Around the Blogosphere...
The Guardian with “Van Gogh's Starry Night recreated in dominoes”
College Humor with "Dora The Explorer Movie Trailer"
Cara Sexton with “Making Room – Where Love Fits In”
“Tuesday we were notified our foster care certification was official, that our home was opened to provide care, and less than 24 hours later, our phone was ringing… would we take a 4- and 5-year-old sibling set in an hour? We had said we had no room for boys, what with three already in one bedroom, and could only accept girls for placement, and with my writing and work commitments, only school-aged children fit into our current life. But when the call came, it was so much clearer than it had been before… we don't fit love into the rest of our life. We just walk in love, first, and let the rest fall all over and around it, soaked up and stained by the color that bleeds from what love does.”
DL Mayfield at Deeper Story with “Debris”
“There is debris all around us, washing onto our shores. We can choose to ignore it, move away from it, insulate our lives so we do not have to engage with it. But in doing so we will create a life full of pale pleasures and uneasy satisfaction. We will miss out on living a great life, settling for good and safe."
The Economist with “Accounting for Time”
Most Intriguing (nominated by Brett Gibson):
Roger Olson’s review of Sacred Word, Broken Word: Biblical Authority and the Dark Side of Scripture by Kenton L. Sparks
“What’s especially interesting about the book is Sparks’ response to the Old Testament “texts of terror”—something we have discussed here quite a lot. If I understand his thesis correctly, it is very similar to what I have argued here—that the Old Testament must be interpreted in light of the New and that, at least occasionally, reports in the Old Testament (about what God commanded people to do) must be relativized in light of the character of God revealed in Jesus Christ who is the Word of God in person.”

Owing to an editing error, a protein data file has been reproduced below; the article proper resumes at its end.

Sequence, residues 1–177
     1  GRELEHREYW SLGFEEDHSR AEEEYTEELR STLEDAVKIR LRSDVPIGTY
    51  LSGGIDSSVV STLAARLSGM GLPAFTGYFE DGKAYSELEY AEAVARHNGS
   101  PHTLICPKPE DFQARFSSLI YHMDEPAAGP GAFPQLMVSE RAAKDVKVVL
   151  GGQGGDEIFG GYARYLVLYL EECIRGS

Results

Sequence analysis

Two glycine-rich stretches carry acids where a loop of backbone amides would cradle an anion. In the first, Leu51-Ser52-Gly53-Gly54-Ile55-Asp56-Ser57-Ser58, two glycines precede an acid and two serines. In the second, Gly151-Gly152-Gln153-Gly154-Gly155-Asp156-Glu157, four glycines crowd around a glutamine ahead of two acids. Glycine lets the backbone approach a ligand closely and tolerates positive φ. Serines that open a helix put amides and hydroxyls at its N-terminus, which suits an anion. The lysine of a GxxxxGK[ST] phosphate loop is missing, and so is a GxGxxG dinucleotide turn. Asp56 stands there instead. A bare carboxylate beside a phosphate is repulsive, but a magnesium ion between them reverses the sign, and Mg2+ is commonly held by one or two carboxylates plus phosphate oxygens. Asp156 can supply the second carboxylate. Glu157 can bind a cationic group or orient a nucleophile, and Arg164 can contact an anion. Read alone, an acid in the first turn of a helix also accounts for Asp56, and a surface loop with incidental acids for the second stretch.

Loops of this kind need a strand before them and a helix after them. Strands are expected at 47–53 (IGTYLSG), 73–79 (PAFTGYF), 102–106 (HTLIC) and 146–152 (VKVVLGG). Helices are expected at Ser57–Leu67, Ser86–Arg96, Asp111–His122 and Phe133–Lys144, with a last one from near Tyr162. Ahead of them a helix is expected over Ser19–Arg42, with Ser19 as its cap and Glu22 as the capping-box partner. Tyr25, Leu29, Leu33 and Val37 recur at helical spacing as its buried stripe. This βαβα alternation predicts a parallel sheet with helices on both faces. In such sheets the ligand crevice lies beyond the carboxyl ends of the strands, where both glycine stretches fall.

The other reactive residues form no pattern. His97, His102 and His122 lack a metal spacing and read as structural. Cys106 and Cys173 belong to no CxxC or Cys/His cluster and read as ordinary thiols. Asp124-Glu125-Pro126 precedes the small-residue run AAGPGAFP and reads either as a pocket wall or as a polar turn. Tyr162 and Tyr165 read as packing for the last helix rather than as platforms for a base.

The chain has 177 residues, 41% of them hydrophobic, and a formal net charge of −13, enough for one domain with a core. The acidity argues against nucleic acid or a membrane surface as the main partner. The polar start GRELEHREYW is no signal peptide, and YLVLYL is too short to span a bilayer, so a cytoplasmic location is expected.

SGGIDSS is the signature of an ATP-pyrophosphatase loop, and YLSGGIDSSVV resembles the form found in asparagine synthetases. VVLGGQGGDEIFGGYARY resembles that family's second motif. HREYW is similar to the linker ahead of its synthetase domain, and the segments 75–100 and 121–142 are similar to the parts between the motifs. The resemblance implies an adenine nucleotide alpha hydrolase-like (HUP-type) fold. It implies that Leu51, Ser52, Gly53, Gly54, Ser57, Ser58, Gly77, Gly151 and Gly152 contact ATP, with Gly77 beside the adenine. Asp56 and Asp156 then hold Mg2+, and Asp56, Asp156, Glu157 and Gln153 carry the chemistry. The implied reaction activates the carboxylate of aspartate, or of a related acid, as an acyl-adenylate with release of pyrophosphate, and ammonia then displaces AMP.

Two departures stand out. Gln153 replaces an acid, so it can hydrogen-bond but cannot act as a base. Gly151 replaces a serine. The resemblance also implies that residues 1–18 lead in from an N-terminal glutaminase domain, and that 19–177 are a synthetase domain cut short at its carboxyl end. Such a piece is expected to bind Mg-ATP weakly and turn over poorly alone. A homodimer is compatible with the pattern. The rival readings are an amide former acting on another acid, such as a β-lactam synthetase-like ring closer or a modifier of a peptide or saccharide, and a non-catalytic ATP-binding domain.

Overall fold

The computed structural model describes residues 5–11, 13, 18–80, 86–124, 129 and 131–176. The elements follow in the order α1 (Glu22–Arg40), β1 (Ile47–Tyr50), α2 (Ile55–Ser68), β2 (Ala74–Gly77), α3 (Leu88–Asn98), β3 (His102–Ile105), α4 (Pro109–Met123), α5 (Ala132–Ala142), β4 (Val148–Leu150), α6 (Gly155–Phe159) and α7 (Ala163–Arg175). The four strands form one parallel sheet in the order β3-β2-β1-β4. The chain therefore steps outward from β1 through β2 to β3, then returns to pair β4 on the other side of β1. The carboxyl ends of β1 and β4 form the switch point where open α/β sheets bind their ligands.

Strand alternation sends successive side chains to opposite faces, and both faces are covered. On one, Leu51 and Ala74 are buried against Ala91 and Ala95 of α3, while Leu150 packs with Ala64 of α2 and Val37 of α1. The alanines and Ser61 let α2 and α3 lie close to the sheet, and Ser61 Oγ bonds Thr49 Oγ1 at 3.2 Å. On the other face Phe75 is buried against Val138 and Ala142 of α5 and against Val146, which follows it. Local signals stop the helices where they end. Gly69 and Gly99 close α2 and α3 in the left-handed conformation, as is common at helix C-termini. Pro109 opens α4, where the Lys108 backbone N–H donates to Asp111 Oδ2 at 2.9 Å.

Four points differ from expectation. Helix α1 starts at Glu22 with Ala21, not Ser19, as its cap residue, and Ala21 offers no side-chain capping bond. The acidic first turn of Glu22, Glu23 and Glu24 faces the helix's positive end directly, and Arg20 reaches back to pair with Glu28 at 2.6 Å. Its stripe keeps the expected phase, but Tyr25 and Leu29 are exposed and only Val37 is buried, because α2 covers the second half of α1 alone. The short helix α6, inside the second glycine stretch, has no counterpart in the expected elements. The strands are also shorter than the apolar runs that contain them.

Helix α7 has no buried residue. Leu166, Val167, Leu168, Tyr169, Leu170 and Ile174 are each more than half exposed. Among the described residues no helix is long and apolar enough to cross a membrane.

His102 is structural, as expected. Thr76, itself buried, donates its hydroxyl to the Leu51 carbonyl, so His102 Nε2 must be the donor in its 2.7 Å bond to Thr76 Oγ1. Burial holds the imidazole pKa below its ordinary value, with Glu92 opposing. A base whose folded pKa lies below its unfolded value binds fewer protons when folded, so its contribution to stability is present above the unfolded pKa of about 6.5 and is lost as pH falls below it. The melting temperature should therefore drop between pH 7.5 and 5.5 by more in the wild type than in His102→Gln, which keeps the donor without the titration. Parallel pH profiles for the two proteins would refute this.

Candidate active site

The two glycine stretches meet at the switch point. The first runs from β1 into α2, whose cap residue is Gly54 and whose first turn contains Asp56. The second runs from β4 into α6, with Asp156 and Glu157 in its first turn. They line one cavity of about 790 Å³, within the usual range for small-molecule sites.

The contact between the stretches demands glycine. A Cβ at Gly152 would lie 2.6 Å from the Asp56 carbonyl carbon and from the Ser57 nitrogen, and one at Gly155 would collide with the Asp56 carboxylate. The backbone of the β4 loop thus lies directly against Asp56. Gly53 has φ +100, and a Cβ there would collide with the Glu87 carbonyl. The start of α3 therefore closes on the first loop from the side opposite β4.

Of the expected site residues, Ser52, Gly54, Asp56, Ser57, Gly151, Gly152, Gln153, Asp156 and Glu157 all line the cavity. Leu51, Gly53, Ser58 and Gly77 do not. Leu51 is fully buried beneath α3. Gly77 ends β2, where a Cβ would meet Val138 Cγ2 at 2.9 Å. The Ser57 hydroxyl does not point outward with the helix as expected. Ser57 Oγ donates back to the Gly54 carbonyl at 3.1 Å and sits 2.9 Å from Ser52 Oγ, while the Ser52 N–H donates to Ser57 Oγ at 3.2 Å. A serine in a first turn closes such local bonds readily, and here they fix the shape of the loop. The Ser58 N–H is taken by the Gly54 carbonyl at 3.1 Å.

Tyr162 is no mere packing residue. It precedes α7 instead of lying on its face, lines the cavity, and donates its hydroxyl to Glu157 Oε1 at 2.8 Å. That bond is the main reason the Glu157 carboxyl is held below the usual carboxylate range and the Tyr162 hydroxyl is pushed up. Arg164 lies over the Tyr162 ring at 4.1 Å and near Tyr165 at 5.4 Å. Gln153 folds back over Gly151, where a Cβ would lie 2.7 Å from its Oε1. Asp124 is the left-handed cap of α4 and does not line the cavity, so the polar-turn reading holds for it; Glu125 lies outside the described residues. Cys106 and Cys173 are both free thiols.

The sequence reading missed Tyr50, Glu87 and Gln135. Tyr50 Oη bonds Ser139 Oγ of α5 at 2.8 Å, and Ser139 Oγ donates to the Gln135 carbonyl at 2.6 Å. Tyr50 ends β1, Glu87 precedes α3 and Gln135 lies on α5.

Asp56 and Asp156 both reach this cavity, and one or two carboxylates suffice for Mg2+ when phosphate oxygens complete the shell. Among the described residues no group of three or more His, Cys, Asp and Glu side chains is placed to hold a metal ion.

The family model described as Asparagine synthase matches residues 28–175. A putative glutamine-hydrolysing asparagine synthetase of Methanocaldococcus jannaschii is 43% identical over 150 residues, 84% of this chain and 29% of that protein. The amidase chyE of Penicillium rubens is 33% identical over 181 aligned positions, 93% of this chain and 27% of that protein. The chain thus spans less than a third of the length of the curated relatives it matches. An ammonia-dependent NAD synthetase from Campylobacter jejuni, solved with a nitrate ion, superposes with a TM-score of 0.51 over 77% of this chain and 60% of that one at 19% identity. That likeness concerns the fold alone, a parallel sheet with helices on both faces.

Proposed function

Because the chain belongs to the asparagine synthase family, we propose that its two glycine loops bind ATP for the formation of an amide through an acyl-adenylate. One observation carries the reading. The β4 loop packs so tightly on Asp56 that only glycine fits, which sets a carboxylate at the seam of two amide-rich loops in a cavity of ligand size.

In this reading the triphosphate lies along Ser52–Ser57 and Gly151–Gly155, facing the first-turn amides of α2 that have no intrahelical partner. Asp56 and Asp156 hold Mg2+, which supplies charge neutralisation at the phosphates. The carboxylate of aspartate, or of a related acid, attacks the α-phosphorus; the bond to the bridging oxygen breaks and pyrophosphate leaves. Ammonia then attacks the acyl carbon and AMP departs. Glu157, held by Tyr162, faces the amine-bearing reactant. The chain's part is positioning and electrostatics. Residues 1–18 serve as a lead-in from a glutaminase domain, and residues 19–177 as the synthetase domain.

Marc Cortez with “What Mainline Does and Doesn’t Mean”
“Growing up in evangelical churches, I often heard about some other branch of Christianity called ‘mainline,’ but I never really knew what that meant. I just knew that ‘mainline’ meant ‘bad’ for some reason...”
The Big Picture with “National Geographic Traveler Magazine: 2012 Photo Contest”
"The email arrives angry, smoldering in my inbox and I smolder too, when I read it. I know the scriptures say to be angry and sin not, but I feel sin burning within me like a lake of fire itself so I escape to the outdoors where 93* feels cooler somehow; cooler than sitting in my office staring at that awful email. And as I walk away, toward the park, I count my steps. One, two, all the way to twenty-three because we’ve been told to count when we’re upset. “Count to ten, count to win,” my mother’s voices echoes soft and reassuring in my head. Because spiritual quarrels aren’t won by the one with the strongest words but the one with the strongest grip on peace."
Sarah Bessey with “In which there is something big buried here in the small words”
Most Likely to Make You a More Patient Flyer:
Heather Poole at Mental Floss with “10 Shocking Secrets of Flight Attendants”
"1. IF THE PLANE DOOR IS OPEN, WE’RE NOT GETTING PAID. You know all that preflight time where we’re cramming bags into overhead bins? None of that shows up in our paychecks. Flight attendants get paid for ‘flight hours only.’Translation: The clock doesn’t start until the craft pushes away from the gate. Flight delays, cancellations, and layovers affect us just as much as they do passengers—maybe even more.”
Most Likely to Inspire You to Check on Flights to Los Angeles:
“Arrested Development Art Show in Los Angeles”
Kathy Escobar with “Why the word ‘missional’ bugs me”
“It feels pretty cruddy to be someone’s 'mission.'"
Best Illustration (nominated by Jessica Wojcik):
America’s Next Top Mommy with “Jesus Take the Wheel...But Let Me Give You Directions”
“It occurred to me that when it comes to my life and God, I'm just like my husband. I scream out, 'Jesus! Take the wheel!' and then I desperately try to pry it out of his hands or lean over him in my seat and check the speedometer or try to give him directions. It's hard for me to surrender complete control because I've spent my whole life trying to drive myself. It makes me uncomfortable to be in a situation where I have no control. I'm just like my husband not being able to drive. And when I finally get somewhere and I arrive in one piece I'm always surprised at God's competency. Oh me of little faith.”
“It seems the only thing these leaders who blame others for natural disasters have admitted is they believe God can’t possibly put up with others who are not like them. While they seem to enjoy the opportunity to blame and level accusation, they forget God is not the one who is called ‘the accuser.’”